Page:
By Brian Billingsley // Excerpt from the PYMNTS 2018 Forecast eBook
A quote from Bill Gates in his 1996 book The Road Ahead seems spot-on for payments: “We always overestimate the change that will occur in the next [one or] two years and underestimate the change that will occur in the next ten.” Look at the payments industry today, and you’ll find the vast majority of payments in the world are running on systems older than Gates’ quote. They will likely still be running on those systems after 2018, and there is a very strong chance they will be 10 years from now, too. If the core infrastructure for payments hasn’t changed in the last 20 years, it can’t be expected to change in the next 12 months. So, what changes can we expect to see in 2018?
1. The need to make global ‘local’ will increase.
Although the world is becoming more and more connected, payments are still very local. Each country and culture has developed its own preferred way to pay. Northern Europe and the DACH region like invoices and closed-in-credit products. The United States loves cards. Asia and India have strong digital wallets that act like a demand deposit account (DDA). Central and South American countries use unique installment-on-card products.
How does an eCommerce company serve all these countries with a wide array of payments preferences? How do global companies — think Airbnb, Uber, YouTube and StubHub, among others — serve their global digital audience? Making connections between the old and the new is going to be required to stay globally relevant, and the payments landscape is only going to continue to become more and more complex. Online merchants, global companies and the banks that support them have to be able to solve and scale for all these important differences between payment types. Enabling more local payment options — at the checkout either in-store or online, and when requesting payments — will increase consumer choice and help grow a larger global presence.
2. There is a greater need for partnerships between competitors.
Given the importance of local payments and their entrenched leg-up in home markets, I believe we will see more payments partnerships this year. Alipay, PayPal, Klarna and card networks all have unique strong points and benefits, but they also have places where they fall short in offering a complete solution. One of the most obvious shortfalls is reach, especially when trying to enter into new markets. The potential for growth and increased innovation will necessitate partnerships (like PayPal and Visa), whether that be in the form of coopetition or as “frenemies.” The connections made between these competing systems will be required to understand and mediate the differences between the systems while also keeping proprietary data secure.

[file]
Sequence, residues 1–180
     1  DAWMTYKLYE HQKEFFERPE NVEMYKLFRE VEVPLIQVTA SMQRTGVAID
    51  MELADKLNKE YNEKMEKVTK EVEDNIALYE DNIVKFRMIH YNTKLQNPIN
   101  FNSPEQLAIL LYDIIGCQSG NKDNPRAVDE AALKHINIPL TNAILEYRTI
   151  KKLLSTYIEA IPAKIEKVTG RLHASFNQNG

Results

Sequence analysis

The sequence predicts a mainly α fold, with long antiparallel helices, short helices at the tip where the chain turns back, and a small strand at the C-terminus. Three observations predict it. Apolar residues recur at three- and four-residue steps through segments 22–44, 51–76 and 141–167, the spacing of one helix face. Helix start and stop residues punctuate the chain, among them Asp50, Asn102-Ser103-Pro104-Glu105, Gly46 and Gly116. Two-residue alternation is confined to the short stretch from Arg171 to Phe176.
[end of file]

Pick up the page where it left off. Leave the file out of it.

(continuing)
3. The ‘DDA loading dock’ problem is a focus for banks, as are the various silos within them.
For years, I have compared my primary DDA (at a super-regional financial institution which I have banked at for 20 years) to a digital loading dock. My direct deposit goes in, then goes out to the various other financial products/services I have: credit cards, savings accounts, brokerages, mortgage, PayPal, PFM applications — the list goes on. While I am very loyal to my primary bank, it’s actually one of the least utilized financial relationships I have. It wasn’t until 18 months ago that I received a call to the likes of, “Hey you should open a savings account with us. We’ve seen your balance grow.” Too little, too late.
There are several reasons why banks have struggled with losing market share and share of wallets to outsiders, but many of them stem from the fact that the bank’s internal systems don’t talk to each other. In 2018, banks are now squarely focused on solving this problem in order to be more valuable to their customers, and are looking to their core and solution providers to help.
Ultimately, the changes I expect in the next year all come down to building connections, and at Modo, we’re excited for the potential innovations that 2018 brings. Just as Bill Gates understood that change is both underestimated and overestimated, we understand that there aren’t going to be industry breakthroughs changing the underlying infrastructure that these payment systems are built upon. Because of this, our technology works with what is currently in place to connect payment systems. We manage payments data and create interoperability between systems with a payments data utility in the cloud, connecting the old systems to the new, the old to the old, new to the old or the new to the new. There are so many necessary connections and innovations that are left on the sidelines because of the difficulty that comes along with integrations, but these connections could change the way consumers connect with your brand or your client’s brand. Let’s see what we can do in 2018.